Martinsburg hosts annual Soap Box Derby

June 09, 2007|By MATTHEW UMSTEAD

MARTINSBURG, W.Va. - Even after becoming a world champion All-American Soap Box Derby winner last year, Garrett Kysar didn't have any racing tips to share on Saturday at the 2007 ROCS Classic Norwalk Soap Box Derby.

"I don't even know how I won," said Kysar, the Masters Division winner in the race in Akron, Ohio.

Returning as a spectator this year, Kysar cheered on his sister, Alex Kysar, who at age 17 had one more opportunity to compete.

"I got fourth last year," Alex Kysar said before hunkering down in a car that appeared quite similar to her brother's in 2006 .

"We got the same number," she noted.

"I'm cheering on my sister this year," her brother said from his seat on a section of shaded limestone wall along the racetrack - South Queen Street between King and Stephen streets.


Kysar's sister was one of 66 racers who entered Saturday's derby, according to director Dina Edwards.

Corey Gray, 13, who already bested his racing performance from last year when he was knocked out "by a girl," wiped down his firetruck red car sponsored by Westphal Host Co. No. 5 between each heat.

"Fingerprints slow you down," Gray said smiling as his father, Jerry Gray, acted as his son's pit boss.

Employed with the Martinsburg Fire Department, Gray said Westphal Hose Co. agreed to sponsor a car for the first time this year.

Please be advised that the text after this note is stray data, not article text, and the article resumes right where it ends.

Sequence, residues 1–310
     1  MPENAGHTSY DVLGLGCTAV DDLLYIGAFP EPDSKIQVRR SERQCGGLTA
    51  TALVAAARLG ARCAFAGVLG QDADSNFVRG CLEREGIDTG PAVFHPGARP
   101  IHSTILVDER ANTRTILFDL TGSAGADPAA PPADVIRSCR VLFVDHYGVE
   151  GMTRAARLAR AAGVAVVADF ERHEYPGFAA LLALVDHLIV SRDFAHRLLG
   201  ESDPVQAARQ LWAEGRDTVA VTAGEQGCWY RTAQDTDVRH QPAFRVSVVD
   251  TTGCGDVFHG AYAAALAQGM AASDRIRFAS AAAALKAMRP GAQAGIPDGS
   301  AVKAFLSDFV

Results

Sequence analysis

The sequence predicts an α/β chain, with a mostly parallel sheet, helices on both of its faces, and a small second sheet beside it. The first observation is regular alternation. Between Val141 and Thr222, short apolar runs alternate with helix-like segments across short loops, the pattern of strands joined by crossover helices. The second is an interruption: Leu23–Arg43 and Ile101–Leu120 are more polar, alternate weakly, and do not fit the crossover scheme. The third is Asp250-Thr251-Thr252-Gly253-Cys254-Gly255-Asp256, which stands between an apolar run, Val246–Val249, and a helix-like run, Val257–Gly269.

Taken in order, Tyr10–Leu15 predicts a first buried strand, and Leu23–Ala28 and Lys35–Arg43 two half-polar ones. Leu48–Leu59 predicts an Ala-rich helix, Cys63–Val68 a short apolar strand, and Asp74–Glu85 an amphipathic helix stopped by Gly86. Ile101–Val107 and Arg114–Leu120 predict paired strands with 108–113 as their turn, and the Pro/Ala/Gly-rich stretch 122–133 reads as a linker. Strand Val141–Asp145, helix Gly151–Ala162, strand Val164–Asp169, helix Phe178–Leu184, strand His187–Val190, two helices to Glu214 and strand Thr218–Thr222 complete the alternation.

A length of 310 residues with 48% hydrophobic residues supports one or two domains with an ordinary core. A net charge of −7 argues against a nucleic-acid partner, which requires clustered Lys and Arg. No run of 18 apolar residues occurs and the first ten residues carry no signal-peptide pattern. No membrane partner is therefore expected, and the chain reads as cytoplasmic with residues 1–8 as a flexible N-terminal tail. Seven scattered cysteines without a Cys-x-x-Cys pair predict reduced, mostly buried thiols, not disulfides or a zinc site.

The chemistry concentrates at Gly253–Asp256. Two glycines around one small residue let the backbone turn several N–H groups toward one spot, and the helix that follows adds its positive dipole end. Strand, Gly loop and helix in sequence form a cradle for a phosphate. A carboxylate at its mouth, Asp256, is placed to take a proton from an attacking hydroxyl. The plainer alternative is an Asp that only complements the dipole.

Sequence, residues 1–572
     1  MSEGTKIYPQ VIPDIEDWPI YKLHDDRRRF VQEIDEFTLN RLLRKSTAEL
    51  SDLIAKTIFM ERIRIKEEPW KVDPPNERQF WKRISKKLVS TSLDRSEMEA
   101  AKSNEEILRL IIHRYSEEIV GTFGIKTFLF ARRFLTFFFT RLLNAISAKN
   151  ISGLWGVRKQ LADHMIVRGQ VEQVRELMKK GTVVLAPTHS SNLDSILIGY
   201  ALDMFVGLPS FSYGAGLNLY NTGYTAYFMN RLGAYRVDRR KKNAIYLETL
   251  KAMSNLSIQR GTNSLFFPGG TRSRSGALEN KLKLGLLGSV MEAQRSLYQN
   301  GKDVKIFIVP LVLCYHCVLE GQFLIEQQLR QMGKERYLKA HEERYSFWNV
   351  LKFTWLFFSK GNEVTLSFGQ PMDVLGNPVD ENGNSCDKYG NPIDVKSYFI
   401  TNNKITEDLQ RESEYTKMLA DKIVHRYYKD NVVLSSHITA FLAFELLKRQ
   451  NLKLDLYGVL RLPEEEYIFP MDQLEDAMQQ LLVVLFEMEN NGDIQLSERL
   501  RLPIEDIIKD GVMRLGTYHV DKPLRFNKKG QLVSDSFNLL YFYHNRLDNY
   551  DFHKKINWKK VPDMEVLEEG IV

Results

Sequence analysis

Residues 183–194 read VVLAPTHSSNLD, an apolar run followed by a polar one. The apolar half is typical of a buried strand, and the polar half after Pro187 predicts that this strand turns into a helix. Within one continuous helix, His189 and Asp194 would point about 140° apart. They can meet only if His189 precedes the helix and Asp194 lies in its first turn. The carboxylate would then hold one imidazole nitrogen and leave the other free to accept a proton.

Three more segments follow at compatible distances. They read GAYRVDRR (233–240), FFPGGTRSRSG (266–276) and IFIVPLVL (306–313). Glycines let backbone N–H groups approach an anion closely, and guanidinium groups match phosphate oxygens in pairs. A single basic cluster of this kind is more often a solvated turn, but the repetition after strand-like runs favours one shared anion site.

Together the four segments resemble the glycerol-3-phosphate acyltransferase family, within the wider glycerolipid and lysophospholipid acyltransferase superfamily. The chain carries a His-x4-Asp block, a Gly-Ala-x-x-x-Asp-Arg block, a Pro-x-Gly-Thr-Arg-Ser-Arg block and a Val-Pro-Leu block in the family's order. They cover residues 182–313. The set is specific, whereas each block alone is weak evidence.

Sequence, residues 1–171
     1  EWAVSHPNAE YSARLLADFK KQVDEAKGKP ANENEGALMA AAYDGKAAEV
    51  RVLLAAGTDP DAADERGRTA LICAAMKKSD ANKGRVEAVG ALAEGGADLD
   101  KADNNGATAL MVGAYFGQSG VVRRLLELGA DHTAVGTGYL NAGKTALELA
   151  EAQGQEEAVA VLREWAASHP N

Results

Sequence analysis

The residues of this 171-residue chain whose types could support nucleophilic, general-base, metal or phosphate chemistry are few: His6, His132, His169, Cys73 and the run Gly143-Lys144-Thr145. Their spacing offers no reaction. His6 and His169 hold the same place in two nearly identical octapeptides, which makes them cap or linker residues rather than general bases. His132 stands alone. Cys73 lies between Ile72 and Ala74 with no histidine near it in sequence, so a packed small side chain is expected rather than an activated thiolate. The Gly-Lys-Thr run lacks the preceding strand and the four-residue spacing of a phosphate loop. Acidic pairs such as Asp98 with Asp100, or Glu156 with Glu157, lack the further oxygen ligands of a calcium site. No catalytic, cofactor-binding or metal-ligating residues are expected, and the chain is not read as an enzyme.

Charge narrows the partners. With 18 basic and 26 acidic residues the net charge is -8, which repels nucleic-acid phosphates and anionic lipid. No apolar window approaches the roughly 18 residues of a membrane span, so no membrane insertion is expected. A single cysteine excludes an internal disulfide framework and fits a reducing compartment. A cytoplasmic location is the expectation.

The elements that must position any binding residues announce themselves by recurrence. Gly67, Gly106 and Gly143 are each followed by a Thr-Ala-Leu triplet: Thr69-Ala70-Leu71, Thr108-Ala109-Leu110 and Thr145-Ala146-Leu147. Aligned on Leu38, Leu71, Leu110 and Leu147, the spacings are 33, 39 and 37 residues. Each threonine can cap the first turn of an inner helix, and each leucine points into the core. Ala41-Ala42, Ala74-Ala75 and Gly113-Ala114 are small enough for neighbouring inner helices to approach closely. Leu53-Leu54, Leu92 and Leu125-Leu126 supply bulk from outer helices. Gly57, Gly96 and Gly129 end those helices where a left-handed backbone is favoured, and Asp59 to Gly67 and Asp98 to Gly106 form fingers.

The lettering decals on the soap box car mimicked that of a 1940s model Chevrolet firetruck that the volunteer company based in the city's north end once operated, Jerry Gray said.

Saturday's competition was the first for Josh Myers, 13, who attributed much of his success to reach the semifinals to his "personal trainer" and stepfather, Jay Householder, and uncle, John Walker.

"This is awesome," Myers said.

When asked what he did to reach the final four in the Super Stock Division in a purple car with orange and yellow flames covering the hood, Myers said he spins his wheels and stays to the outside of the racing lane.

Martinsburg's first soap box derby was held in 1936 and continued through 1951, except for 1942 to 1945 due to World War II, according to organizers.

Martinsburg Mayor George Karos, in a congratulatory letter published in the racing program, said the city's race was the area's first derby and became a popular tradition until was dropped, only to be revived in 2000.

"Once again, this is an event that brings our business community, parents and many of young people together as they prepare for this exciting event," Karos said.

"Every contestant is a winner, even though there can be only one champion," Karos concluded.

The Herald-Mail Articles